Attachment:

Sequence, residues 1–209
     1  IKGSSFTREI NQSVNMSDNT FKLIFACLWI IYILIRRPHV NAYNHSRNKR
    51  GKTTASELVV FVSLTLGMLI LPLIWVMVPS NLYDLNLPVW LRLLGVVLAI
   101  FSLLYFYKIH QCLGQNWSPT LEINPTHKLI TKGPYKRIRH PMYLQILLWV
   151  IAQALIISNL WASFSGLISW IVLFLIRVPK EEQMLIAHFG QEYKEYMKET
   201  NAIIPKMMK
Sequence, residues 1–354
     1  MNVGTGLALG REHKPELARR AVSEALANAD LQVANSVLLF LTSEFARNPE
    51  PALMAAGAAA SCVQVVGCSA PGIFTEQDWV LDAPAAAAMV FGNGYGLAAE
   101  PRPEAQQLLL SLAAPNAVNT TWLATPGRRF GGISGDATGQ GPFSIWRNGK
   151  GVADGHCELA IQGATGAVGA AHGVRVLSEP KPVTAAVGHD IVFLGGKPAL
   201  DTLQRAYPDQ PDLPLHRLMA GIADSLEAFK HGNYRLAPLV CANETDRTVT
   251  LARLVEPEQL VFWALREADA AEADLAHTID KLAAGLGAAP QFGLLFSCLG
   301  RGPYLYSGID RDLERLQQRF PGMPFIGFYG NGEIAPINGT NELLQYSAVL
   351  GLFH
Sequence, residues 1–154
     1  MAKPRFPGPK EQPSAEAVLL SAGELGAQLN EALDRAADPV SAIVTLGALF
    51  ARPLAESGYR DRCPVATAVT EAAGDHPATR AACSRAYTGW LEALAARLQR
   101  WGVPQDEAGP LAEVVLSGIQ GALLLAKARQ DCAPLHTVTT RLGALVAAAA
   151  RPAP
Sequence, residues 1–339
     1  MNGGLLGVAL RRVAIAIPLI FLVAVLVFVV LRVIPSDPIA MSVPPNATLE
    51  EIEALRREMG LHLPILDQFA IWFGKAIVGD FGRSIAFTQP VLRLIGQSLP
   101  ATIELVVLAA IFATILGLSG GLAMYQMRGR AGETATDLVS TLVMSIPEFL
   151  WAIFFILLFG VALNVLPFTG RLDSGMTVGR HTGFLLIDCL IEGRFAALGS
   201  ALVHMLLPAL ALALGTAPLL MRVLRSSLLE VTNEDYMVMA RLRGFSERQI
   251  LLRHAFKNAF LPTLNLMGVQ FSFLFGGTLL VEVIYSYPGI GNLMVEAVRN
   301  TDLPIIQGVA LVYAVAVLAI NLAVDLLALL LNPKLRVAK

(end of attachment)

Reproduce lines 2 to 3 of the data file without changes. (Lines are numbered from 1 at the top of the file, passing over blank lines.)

     1  IKGSSFTREI NQSVNMSDNT FKLIFACLWI IYILIRRPHV NAYNHSRNKR
    51  GKTTASELVV FVSLTLGMLI LPLIWVMVPS NLYDLNLPVW LRLLGVVLAI